Wednesday, October 5, 2022

Office space: How coronavirus is reshaping the workplace

As people return to work, businesses are having to change office layouts in order to promote social distancing. (WYDaily/Flickr)
As people return to work, businesses are having to change office layouts in order to promote social distancing. (WYDaily/Flickr)

As people return to work across Virginia, the offices they’re coming back to might look a little different.

Since March the coronavirus pandemic has caused many employees to work from home in order to social distance themselves. But as they return to the office, many businesses are having to readjust their layouts in order to protect the health of employees.

“The trend in the past 10 years has been an open workplace consent,” said Stede Barnes, business development director for GuernseyTingle Architects. “But I don’t think that lends itself to providing that peace of mind to employees coming back into an office place.”

Barnes said many offices are starting to reorient their furniture and think of new solutions to keep employees distanced from each other.

In James City County, employees have started returning to the office but the county is doing so in phases, said Jason Purse, assistant county administrator. 

A limited amount of employees are returning to the office as the county reassess its spatial parameters. Purse said the county had already started working on a space needs survey prior to the pandemic to evaluate how building layouts should be adjusted based on need.

That survey is now helping county departments understand where and how to space people.

“We want to give people adequate distance and separation so they’re not right on top of each other,” Purse said. “So we’re looking at how to space people.” 

The county is also looking at the frequency with which an office space is used. For example, Purse said there are some jobs that require people to be out of the office a lot, such as social services, so those offices might be better used to help spread out employees more.

The county is also looking at installing partitions between desks and making sure that if employees were sharing an office or desk before, then they alternate schedules in order to stay distant from each other.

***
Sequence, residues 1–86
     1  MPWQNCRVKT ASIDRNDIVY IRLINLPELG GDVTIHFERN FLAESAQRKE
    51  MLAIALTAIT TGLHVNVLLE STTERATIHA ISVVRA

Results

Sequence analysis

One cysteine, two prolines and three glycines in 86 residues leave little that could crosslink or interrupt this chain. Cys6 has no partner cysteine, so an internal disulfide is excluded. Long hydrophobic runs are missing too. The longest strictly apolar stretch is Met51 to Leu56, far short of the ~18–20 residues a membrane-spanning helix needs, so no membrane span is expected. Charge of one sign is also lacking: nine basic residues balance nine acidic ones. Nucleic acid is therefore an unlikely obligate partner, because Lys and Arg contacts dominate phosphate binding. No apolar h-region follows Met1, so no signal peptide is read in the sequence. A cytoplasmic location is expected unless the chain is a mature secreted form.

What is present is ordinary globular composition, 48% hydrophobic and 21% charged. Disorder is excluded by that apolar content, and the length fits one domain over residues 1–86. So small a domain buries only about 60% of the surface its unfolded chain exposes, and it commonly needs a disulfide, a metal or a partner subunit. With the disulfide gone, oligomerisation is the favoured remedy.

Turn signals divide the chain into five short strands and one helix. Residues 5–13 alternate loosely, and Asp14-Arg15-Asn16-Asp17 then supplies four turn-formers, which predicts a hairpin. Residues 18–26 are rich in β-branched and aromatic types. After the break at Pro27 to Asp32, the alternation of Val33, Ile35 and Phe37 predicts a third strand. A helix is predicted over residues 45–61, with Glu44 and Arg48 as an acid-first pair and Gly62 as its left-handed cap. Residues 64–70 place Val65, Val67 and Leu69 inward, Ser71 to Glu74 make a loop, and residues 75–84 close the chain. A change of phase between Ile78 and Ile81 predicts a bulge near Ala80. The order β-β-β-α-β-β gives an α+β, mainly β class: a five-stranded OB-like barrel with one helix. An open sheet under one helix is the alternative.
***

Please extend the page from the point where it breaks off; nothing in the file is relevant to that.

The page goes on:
The environment of the workplace might change as offices continue to create distance between employees

“We have a real collaborative workforce here and for me that’s been the hardest,” Purse said. “Because you can’t get together and talk about what you’re working on and Zoom calls can only go so far…I think we work best when we’re bouncing ideas face-to-face.”

But Barnes said employees and businesses will learn to adapt to the new environment, especially as many create a hybrid system of working from home and coming into the office.

“Over the past couple of months, businesses have been open and relying on alternate means of collaboration,” Barnes said. “We’re adapting as a workforce to bring in some of these technologies and learning to collaborate in different ways.”

Barnes said businesses most likely will continue to bring employees back to office spaces, but they’ll have to be innovative in looking at how the space can promote employee safety. For example, light switches and doorknobs are essential to an office space but they’re also some of the most-touched surfaces. So moving forward, businesses need to analyze how to best adapt those tools to prevent contamination. 

The workspace most likely will continue to change and businesses will have to change with it. Barnes said many will have to find ways to use technology more and continue to have conversations with the community about public safety.

“There’s going to be more [businesses] collaborating in the digital space,” he said. “So really the focus will be on digital infrastructure and security so we can transition in a way that keeps communication flowing and collaboration alive.”

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Alexa Doironhttp://wydaily.com
Alexa Doiron is a multimedia reporter for WYDaily. She graduated from Roanoke College and is currently working on a master’s degree in English at Virginia Commonwealth University. Alexa was born and raised in Williamsburg and enjoys writing stories about local flair. She began her career in journalism at the Warhill High School newspaper and, eight years later, still loves it. After working as a news editor in Blacksburg, Va., Alexa missed Williamsburg and decided to come back home. In her free time, she enjoys reading Jane Austen and playing with her puppy, Poe. Alexa can be reached at alexa@localvoicemedia.com.

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